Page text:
Leaves and figs of a male
Ficus leptogramma fig tree from the Crocker Range. Two thirds of Borneo’s figs including F. leptogramma are dioecious which means separate male and female trees. Unusually for male figs all stages of development from immature to ripe figs were present on the same tree indicating that this single tree (probably) produces fig wasps continuously.
Male Ficus leptogramma tree at 1,000m on the western slopes of the Crocker Range
In this photo you can see all stages of fig development from small immature fruit through to “ripe fruit” where the fig wasps have left rotting on the forest floor.
A young male fig in the receptive phase but not yet pollinated.
Note the few male flowers (stamens) near the ostiole on the left The rest of the tiny flowers in this fig are short styled “gall” flowers which are waiting for female fig wasps to enter this fig via the ostiole on the left -hand side and lay their eggs, one in each gall flower.
After the female wasps have laid their eggs in the flowers, the fig wasps start to grow inside the gall flowers as shown in this photograph. The round dark objects inside each flower ovary is a developing fig wasp.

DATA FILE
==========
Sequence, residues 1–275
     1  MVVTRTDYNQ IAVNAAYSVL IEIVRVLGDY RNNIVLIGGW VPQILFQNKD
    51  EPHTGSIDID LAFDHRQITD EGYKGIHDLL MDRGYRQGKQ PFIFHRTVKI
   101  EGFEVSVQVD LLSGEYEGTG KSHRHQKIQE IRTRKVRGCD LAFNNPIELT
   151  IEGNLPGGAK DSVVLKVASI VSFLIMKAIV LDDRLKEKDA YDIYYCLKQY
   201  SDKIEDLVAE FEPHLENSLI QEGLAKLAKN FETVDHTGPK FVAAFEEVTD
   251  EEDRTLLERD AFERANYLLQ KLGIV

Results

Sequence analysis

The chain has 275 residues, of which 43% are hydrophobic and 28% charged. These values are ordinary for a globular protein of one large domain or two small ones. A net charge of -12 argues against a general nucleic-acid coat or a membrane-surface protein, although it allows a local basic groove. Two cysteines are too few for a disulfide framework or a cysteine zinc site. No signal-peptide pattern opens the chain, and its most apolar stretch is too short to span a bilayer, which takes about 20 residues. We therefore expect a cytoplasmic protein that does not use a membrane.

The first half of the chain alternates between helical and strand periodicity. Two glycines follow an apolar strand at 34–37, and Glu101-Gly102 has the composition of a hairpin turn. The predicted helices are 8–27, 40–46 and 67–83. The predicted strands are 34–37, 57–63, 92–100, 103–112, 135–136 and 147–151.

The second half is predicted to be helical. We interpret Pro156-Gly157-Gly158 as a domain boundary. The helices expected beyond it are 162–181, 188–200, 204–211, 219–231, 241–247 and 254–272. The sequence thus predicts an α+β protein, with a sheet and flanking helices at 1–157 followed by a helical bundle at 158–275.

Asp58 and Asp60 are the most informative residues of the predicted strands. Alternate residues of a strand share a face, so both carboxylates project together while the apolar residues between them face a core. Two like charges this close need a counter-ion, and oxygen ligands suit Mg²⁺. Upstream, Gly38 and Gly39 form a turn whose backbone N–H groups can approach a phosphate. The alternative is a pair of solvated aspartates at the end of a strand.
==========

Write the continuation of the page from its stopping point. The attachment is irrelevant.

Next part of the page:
This is the final phase. The fig wasps have hatched from the flowers and left the fig via the ostiole, which is on the lower right in this photo.
Each flower acted as a womb for a single fig wasp. Once the wasps have left the empty fig is of no value and drops off the tree to rot on the ground.
Close up of a empty flower once the fig wasps have left.
At the present time only two Bornean fig species are known which can produce fig wasps continuously from single trees, F. leptogramma as shown above and F. cereicarpa another Borneo endemic. Although the intervals vary , a typical individual male fig such as F. rosulata will produce fig wasps only four times a year. Individual female F. rosulata figs will only be receptive for the equivalent of four separate weeks a year i.e. roughly 10% of the time. This means that the absolute minimum viable population (figgery) of a group of Ficus rosulata fig trees for pollination to be successful is at least 20 trees (10 male and 10 female trees). In theory the minimum size “figgery” for F. leptogramma is only two trees (one male+one female), assuming that female F. leptogramma trees always have receptive figs on them. Data from Harrison (2013) Ecology of a fig ant plant (at Lambir).